Flood Preparedness at Utah Lake

With this season’s astounding snowpack, there have been concerns over flooding statewide. Utah Lake is no exception, but it’s not as bad as some may think. There have been substantial flood control improvements since the heavy 1983 flooding season. Continue reading to learn a little about the differences between the 1983 flooding and 2023. We’ve also included at the bottom some helpful resources for residents who live around Utah Lake.

History of Utah Lake Levels

Over the last 135 years, Utah Lake’s annual high and low levels have fluctuated an average of 2.97 ft. The last two times the lake hit “full” were in 2019 and 2011. The Water Levels page on UtahLake.org is a great resource for both live and historic water levels. The chart below shows the annual highs and lows at Utah Lake since 1884.

The GIS map for the Utah Lake Trail Plan also has a layer you can turn on and off to view the FEMA floodplain.

1983 vs 2023

There are several differences between the flooding situation in 1983 compared to the situation this year in 2023, as shown in the graphic below.

Utah Lake Compromise Agreement – 1983

The 1983 lawsuit regarding Utah Lake flooding, known as the “Utah Lake Drainage Basin” case, was a landmark legal case that resulted in significant changes in the way Utah Lake and its surrounding tributaries were managed. The lawsuit was filed by a group of property owners who had suffered damage from flooding caused by Utah Lake. They claimed that the State, Utah County, and other entities were responsible for the flooding due to their failure to properly manage the lake and its drainage basin.

The lawsuit alleged that the defendants had violated the Clean Water Act, the Rivers and Harbors Act, and the Federal Emergency Management Act, among other laws. The plaintiffs sought damages for the property damage they had suffered, as well as injunctive relief to prevent future flooding.

Outcomes of the Lawsuit

After a lengthy trial, the court found in favor of the plaintiffs and ordered significant changes to be made. The court ordered the defendants to:

  1. Implement a comprehensive flood control plan for the lake and its surrounding areas.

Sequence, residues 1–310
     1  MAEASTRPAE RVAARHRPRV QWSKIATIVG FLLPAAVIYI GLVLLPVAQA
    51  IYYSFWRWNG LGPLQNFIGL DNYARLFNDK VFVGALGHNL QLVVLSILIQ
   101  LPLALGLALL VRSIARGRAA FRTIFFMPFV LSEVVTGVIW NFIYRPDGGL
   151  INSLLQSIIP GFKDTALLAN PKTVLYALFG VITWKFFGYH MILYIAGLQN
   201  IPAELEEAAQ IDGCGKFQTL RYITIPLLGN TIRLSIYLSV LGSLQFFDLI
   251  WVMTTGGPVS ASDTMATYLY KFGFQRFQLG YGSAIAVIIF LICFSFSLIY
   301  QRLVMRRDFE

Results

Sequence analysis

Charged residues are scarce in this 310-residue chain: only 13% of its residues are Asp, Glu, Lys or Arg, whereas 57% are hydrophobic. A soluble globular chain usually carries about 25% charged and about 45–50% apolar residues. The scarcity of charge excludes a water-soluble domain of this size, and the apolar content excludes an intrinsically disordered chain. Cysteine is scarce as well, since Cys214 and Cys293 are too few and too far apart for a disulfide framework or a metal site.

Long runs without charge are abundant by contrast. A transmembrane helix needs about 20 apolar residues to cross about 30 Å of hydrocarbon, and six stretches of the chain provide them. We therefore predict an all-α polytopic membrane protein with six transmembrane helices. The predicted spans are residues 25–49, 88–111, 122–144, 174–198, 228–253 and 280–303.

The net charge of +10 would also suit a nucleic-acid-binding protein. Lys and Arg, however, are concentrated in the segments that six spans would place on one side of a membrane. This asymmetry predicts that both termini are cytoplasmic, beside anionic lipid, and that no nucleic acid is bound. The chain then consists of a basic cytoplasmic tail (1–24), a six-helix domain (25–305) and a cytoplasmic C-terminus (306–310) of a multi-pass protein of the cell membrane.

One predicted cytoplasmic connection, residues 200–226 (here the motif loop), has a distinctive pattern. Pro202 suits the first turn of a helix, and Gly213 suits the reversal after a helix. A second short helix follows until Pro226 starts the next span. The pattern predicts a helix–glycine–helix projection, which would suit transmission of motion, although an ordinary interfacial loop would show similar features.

2. Construct additional flood control structures, such as dikes, levees, and channels.
  3. Improve the maintenance of existing flood control structures.
  4. Develop a system for monitoring and predicting water levels in the lake.
  5. Improve coordination and communication among the various entities responsible for managing the lake and its drainage basin.

The court also ordered the defendants to pay damages to the plaintiffs for the property damage they had suffered.

The changes ordered by the court helped to reduce the risk of flooding in the area and improve the overall health of the lake. The case also set an important precedent for other lawsuits related to flooding and water management, emphasizing the importance of complying with federal and state laws and regulations related to these issues.

Flood Preparedness Today at Utah Lake

The graphic below illustrates the flooding prevention that occurs at the lake:

General Flooding Preparedness

The following article is a great list highlighting what you should do before a flood, during a flood and after a flood.

Utah flooding resource guide: What to do before, during and after a flood

The Utah Division of Emergency Management has a wealth of helpful resources on flooding on their website. Flood hazard maps, information on flood insurance, educational videos and more are available at their Be Ready Utah: Floods webpage

In summary,things are much better at Utah Lake than it was in 1983. Preparedness is still vitally important. Below are some resources from various organizations.


Provo River Floodplain maps and resources

Utah Lake Compromise Agreement

Salt Lake County Flood Control


  1. To whom it may concern,

    My name is Walter Fellmeth. I live near harbor bay at the south end of Saratoga Springs. I’ve been here for three years watching with consternation at the diminishing lake levels. Consequently I’ve also cheered every snow storm this glorious winter knowing it would help restore lake levels. I’m curious to know how much of a rise we can expect this year as a result. From what I can tell there has been a 2.5-3 ft rise so far judging by the jetty out here but it seems the lake could use another 5 feet. I’m wondering at what level the pumps kick on to “drain” the lake and send our water north to the GSL. If my vote counts I say cut the power to them. Thank you in advance for your response.

    Walter Fellmeth

    • Walter,

      Thanks for your comment. We appreciate your insights and hope you enjoyed the blog post on flooding preparedness at Utah Lake. The word going around is that Utah Lake will likely fill this year. As of today, the lake is sitting right around 3.25 feet below full.